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A little bit of background, we've made an electronic POS system for registered vendors of items of a well known brand. The vendors are required to login to use the system.

Recently, IE has been giving us lots of painful maintenance problems than before. Our boss is getting worried about running into further maintenance problems, so he has asked me to find out a way to automatically install & launch chrome if they try to login with any other browsers (For the record, nearly all of the issues are related to some feature working fine on FF/Chrome/Opera/Safari but doesn't on IE).

Let us put aside the ridiculousness of running an external .exe from Javascript, which is practically impossible (And rightfully, I told him so. But he insisted it was possible, so whatever).

So my questions are:

  • Is this request technically viable? Is there a guaranteed way to block requests from all browsers except for allowed ones?
  • Is this request reasonable? IMO, From the standpoint of users, limiting accessibility does more harm than good, but maintenance issue is definitely a valid business concern.
  • Has there ever been a case like this where other websites explicitly blocked certain browsers?

Edit: Thanks for the answers. We're supporting IE 7+ at the moment and indeed, 7/8 were the ones that caused most of the grief. Just dropping those two will make maintenance significantly easier but my boss thinks the problem has to do with IE itself, not necessarily the versions. I'm going to try to see if I can convince him, but I have a strong feeling he's going to stick by what he thinks.

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    There is no way to force a user into installing Chrome (or whatever) via browser. You can detect the browser type of course and recommend to switch (provide link). How viable this is would depend on the kind of service you provide and the kind of maintenance issues you have. You could block a certain browser (though there would be rather simple ways to get around this if the user has some knowledge). – thorsten müller Sep 9 '13 at 14:30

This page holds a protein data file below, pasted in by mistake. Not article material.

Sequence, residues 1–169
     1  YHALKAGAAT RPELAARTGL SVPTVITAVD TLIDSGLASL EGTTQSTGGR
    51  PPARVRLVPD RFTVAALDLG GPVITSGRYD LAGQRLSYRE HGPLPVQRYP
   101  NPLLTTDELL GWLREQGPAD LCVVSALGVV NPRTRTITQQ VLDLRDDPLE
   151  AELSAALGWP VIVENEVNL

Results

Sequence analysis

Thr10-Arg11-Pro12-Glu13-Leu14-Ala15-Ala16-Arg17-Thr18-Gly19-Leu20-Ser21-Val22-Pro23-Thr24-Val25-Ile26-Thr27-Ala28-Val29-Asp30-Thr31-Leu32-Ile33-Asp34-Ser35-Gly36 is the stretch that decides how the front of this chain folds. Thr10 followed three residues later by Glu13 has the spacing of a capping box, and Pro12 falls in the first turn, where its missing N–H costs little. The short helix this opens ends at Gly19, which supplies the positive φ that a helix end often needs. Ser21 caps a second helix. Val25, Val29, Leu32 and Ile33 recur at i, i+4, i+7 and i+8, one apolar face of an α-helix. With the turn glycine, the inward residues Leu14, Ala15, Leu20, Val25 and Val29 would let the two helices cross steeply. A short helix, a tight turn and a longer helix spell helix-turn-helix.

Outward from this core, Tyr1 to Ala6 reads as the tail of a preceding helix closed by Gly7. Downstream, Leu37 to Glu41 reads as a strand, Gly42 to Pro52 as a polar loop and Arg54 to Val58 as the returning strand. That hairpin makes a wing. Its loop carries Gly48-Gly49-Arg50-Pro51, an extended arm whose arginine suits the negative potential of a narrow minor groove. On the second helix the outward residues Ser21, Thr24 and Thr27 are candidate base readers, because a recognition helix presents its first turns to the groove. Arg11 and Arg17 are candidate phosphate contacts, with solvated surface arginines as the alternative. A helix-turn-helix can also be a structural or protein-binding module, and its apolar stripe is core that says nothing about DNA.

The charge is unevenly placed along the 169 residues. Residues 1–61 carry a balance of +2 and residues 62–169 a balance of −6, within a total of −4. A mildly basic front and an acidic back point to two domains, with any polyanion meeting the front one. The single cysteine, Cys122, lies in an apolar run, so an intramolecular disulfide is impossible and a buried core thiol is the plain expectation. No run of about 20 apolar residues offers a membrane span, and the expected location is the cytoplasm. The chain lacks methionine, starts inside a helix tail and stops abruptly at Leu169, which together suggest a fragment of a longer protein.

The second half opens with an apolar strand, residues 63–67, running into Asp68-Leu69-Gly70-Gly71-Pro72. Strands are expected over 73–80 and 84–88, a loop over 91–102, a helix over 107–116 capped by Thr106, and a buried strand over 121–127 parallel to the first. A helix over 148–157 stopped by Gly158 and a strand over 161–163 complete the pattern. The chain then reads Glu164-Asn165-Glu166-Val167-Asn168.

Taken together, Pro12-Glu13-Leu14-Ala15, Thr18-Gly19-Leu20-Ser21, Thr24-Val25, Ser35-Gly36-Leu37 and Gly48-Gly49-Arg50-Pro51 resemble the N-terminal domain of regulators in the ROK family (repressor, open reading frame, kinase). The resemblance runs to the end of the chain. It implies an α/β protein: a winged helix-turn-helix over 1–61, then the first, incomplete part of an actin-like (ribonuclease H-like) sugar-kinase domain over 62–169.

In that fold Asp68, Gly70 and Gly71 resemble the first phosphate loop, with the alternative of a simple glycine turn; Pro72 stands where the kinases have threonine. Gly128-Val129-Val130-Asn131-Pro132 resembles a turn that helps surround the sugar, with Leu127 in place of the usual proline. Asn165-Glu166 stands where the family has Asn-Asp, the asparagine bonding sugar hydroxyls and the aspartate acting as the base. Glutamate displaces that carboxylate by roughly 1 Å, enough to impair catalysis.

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    I think this is a case of using a popular opinion about the dislike of IE to avoid the fact that the web developer didn't do a good job. – Reactgular Sep 9 '13 at 16:12
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    Just an indirect answer - it's become pretty common to deny users of browsers like IE6 entry, but you might want to check if any higher versions actually still work okay. To circumvent any existing UA-detecting code, you could give IE9/IE10 another user agent, and see how much of the site works. Then, drop compatibility for lower versions. – Katana314 Sep 9 '13 at 16:53
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    I can see blocking IE6 perhaps, but if you can't get a site working in IE9+, you're doing something wrong. – GrandmasterB Sep 9 '13 at 17:14
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    IE's default behavior is to launch Intranet sites in "compatibility mode". Check if that option is turned on. – user16764 Sep 9 '13 at 17:46
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Is this request technically viable?

No, not least because technical users will be able to spoof the requests - that said those users that are capable or walking round the limitations are more likely to be using a browser that doesn't cause you problems.

Is this request reasonable?

Maybe - but I refer to my earlier answer, the users that can easily change their browsers are unlikely to be the ones that are having problems.

Has there ever been a case like this where other websites explicitly blocked certain browsers?

Sadly yes, still persists and is very irritating (once it was genuinely about supported capabilities but from IE9 that's marginal). Call me peverse but I like IE - I've been using it since it was in beta (at which point it was refreshingly better than netscape) - but equally I use IE9/10/11 and here is where things get fun.

Firstly you need to be clear about what specific version of IE are causing you grief - and why. If its 6 and 7 then yes, you need to encourage your users to use something better because its not reasonable to have to support them. 9 or better - then there's a case to argue that the problems need to be resolved in your (by replacing browser sniffing with capability detection and appropriate polyfills) 8... 8 is the nasty edge case. IE 11 doesn't even report itself as IE any more to try and stop sites that have no reason not to work deciding that they don't want to play.

Hmm end rant.

The simple answer is to define versions of IE that you don't support and to explain why and to then express that clearly to your users - but you ought to support at least 9 or better...

  • +1 - IE has some very special features in the corporate/epos space like kiosk mode and fine grained controls via group policy (or the IEAK) which others have via plugins if they work, but I've found them easy to circumvent (FF I'm looking at you!) – James Snell Sep 9 '13 at 19:37
  • Also you may need to support IE8 too as it's the latest version that works on Windows XP, at least until MS stop supporting XP anyway. – James Snell Sep 9 '13 at 19:42
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    Which would be now. – Alan B Jun 22 '15 at 15:38
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While support ends in Jan. 2014, I'd still consider Google Chrome Frame to be the best solution to this problem. It's not "installing and launching Chrome", but its about as close as you can get while still being secure.

http://www.google.com/chromeframe

It basically runs Chrome inside of IE, doesn't need system administrator access, and can be triggered to install (via a prompt) on page load.

Another alternative would be to bundle your application in a single-site browser, using something like TideSDK or Node-Webkit.